Friday, October 7, 2022

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Following a settlement with tribes, SD phases In voting-access reforms; older voters: formidable factor in Maine gubernatorial race; walking: a simple way to boost heart health.

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Biden makes a major move on marijuana laws; the U.S. and its allies begin exercises amid North Korean threats; and Generation Z says it's paying close attention to the 2022 midterms.

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Rural residents are more vulnerable to a winter wave of COVID-19, branding could be key for rural communities attracting newcomers, and the Lummi Nation's totem pole made it from Washington state to D.C.

New Round of Health Justice Grants in MN Focus on Women

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Tuesday, August 23, 2022   

Minnesota continues to rank highly for quality-of-life indicators, including health, but long-standing disparities persist.

A new round of grants will help community-based social entrepreneurs and nonprofits boost health access for underserved populations. The EmPOWERED to Serve Business Accelerator is led by the American Heart Association and is in its second year of funding Minnesota initiatives.

Kelly Robinson, owner and CEO of Messianic Care in the Twin Cities, took home this summer's top grant prize of $15,000.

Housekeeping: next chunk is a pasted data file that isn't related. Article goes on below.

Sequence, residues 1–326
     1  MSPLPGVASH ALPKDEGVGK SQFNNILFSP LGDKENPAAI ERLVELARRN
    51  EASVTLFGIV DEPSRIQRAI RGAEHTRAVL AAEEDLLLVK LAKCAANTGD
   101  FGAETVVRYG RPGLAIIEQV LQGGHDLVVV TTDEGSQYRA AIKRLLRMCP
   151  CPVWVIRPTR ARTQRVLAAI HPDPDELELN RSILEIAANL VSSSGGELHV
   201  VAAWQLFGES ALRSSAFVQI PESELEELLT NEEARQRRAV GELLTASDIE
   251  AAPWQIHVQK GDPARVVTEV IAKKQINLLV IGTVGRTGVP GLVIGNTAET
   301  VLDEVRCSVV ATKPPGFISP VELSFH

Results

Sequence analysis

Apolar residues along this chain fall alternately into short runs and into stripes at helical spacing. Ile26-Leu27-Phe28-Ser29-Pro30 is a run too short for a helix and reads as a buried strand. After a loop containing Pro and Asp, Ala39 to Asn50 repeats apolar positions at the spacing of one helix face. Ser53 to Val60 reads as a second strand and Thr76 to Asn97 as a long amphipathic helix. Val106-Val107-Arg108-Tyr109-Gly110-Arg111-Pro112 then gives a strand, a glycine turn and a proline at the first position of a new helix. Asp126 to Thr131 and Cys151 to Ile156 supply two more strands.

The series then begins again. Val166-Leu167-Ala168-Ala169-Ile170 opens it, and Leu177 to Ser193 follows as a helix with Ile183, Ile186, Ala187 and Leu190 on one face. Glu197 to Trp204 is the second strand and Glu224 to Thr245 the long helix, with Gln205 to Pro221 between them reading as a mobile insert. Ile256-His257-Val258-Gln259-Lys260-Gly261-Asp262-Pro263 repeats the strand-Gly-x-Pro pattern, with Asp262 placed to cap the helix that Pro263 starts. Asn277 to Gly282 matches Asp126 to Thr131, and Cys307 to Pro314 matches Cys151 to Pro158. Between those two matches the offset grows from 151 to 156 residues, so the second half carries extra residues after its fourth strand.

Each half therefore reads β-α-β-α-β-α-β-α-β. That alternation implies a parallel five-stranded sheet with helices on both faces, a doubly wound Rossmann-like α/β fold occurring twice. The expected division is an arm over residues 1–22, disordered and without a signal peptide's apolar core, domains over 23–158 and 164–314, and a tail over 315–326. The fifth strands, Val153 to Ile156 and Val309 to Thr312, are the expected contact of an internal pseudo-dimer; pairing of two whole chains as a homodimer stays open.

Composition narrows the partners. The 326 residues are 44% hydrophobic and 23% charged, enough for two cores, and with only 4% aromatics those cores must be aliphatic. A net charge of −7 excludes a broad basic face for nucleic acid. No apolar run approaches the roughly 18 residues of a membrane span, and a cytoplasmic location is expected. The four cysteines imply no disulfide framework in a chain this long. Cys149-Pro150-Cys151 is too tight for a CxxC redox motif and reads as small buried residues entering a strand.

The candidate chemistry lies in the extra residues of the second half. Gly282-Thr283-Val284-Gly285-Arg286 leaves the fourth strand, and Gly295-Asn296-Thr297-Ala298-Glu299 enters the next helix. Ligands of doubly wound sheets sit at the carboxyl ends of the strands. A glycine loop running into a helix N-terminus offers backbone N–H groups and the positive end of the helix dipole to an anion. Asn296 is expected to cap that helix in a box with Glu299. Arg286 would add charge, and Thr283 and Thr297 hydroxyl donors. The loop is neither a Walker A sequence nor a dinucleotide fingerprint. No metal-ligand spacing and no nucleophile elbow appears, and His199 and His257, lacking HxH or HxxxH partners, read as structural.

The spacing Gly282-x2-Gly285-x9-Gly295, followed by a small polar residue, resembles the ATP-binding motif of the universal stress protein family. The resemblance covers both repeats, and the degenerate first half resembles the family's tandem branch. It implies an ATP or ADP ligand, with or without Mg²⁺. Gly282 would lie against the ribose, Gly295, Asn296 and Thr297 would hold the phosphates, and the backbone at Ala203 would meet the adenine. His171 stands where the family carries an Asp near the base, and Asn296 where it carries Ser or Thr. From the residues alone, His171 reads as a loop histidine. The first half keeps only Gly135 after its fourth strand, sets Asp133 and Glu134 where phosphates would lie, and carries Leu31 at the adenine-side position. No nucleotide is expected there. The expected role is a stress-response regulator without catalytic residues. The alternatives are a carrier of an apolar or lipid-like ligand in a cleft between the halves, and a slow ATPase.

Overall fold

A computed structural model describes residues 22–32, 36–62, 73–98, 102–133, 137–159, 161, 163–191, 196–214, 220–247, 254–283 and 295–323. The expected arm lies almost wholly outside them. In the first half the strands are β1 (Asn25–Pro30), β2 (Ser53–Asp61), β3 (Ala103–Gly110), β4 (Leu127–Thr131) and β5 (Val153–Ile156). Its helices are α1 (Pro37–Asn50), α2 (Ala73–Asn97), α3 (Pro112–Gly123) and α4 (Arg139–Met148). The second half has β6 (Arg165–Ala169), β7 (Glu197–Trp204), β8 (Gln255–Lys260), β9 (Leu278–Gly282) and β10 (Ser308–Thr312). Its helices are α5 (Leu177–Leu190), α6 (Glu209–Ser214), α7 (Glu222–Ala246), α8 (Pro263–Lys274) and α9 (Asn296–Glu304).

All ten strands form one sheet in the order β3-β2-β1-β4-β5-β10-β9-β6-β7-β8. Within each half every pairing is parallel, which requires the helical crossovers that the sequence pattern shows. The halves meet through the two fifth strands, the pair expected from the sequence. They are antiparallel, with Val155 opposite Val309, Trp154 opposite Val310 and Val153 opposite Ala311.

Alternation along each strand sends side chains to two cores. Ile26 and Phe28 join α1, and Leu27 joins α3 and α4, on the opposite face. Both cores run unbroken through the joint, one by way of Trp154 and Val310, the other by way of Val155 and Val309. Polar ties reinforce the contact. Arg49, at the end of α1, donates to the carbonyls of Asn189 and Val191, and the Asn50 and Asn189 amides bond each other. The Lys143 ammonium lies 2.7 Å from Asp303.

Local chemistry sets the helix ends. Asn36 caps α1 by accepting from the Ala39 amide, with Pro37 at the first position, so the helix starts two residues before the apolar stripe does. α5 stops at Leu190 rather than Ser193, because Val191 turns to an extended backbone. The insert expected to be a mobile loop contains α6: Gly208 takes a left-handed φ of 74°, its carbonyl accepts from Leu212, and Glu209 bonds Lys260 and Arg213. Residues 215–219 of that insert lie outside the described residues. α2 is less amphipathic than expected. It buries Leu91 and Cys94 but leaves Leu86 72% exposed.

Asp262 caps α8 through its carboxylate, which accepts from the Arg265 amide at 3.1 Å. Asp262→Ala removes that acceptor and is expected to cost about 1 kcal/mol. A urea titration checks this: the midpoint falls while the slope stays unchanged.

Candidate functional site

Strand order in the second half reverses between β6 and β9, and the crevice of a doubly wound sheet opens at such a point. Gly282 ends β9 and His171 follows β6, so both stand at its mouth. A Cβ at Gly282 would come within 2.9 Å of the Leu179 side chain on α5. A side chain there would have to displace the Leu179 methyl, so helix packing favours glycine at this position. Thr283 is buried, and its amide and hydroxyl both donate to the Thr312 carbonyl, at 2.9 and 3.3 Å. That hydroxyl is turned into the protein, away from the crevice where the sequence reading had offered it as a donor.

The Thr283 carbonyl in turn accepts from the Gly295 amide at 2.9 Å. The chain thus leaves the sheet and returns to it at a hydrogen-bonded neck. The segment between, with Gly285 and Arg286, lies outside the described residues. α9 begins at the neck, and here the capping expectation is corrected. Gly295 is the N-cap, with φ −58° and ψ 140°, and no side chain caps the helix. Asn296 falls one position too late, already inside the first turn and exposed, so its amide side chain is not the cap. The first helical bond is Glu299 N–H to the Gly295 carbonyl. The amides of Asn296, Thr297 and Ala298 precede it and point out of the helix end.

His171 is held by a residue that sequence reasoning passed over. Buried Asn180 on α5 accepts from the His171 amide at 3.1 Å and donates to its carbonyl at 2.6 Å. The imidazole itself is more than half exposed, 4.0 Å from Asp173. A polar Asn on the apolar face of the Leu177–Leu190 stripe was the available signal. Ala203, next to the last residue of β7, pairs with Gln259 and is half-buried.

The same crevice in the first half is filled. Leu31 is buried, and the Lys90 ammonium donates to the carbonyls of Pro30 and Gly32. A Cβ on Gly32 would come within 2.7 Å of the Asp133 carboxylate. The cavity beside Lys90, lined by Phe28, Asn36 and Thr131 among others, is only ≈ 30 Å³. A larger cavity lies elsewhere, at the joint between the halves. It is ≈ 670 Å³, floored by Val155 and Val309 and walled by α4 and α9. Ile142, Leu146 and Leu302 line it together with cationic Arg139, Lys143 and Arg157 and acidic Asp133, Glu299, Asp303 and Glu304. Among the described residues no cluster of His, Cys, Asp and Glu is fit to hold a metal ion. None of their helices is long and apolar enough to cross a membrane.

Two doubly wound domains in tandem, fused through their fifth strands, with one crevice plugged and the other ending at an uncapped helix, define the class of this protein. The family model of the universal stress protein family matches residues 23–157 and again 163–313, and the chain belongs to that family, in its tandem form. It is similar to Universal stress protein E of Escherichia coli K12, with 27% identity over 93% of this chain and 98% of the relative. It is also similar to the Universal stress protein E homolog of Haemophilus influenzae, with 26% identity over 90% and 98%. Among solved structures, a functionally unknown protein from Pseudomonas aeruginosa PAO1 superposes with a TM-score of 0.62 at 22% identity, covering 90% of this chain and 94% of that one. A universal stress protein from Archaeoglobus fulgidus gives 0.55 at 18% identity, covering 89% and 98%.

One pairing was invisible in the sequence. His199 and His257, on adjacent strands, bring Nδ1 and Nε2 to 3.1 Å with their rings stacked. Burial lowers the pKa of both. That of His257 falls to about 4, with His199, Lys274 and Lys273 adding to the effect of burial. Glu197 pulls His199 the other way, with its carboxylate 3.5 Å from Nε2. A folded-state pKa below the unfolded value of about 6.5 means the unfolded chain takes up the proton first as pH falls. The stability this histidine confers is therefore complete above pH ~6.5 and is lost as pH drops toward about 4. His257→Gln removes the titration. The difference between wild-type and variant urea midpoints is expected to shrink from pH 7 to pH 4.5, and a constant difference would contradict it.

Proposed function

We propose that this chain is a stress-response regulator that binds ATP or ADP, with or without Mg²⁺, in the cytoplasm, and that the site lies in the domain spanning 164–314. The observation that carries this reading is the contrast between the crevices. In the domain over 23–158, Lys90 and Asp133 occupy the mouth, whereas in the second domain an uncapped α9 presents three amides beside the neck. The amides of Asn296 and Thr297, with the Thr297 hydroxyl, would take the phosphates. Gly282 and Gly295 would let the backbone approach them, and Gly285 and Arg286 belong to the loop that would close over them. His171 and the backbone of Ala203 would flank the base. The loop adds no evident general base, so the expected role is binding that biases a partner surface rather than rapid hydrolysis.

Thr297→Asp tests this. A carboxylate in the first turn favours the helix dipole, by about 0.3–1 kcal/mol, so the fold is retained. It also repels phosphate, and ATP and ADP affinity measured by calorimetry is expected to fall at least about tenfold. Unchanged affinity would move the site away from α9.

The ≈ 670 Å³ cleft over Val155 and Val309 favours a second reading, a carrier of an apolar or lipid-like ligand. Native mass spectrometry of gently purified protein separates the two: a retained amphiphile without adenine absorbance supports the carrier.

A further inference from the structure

With this year's emphasis on helping women, she will use the funding for activities to promote heart health which are more engaging.

"It allows me financially to provide things that I know culturally excites us," Robinson explained. "Who wants to go to the gym and just work out, you know? But for us, I pay for line dancing, I pay for step dancing."

She pointed out efforts like this bring more cardiac awareness to women of color, who are near middle age but lack resources such as insurance. As a community health advocate, Robinson also hopes to use funding to purchase equipment such as blood pressure cuffs.

Among its most concerning data, Minnesota has a high racial disparity in premature death rates, ranking 48th in the nation.

Finalists get a chance to present their ideas at the General Mills headquarters through an event sponsored by Cheerios.

Kerry DeLaney, business unit director for the company, said as they pursue more health equity around the state as a corporation, they need to elevate the people on the ground doing the work.

"Our contribution is to fund them and help accelerate their business ventures," DeLaney noted.

DeLaney, who is also a board member of the American Heart Association-Minnesota, stressed Cheerios does not greatly benefit from the program as a public relations move because it is still largely away from the public's radar.

However, the company said it is committed for the long term and is signed on as a sponsor for next year's grant cycle. DeLaney added he hopes to expand the program's reach across the region.

Disclosure: The American Heart Association of Minnesota contributes to our fund for reporting on Health Issues, and Smoking Prevention. If you would like to help support news in the public interest, click here.


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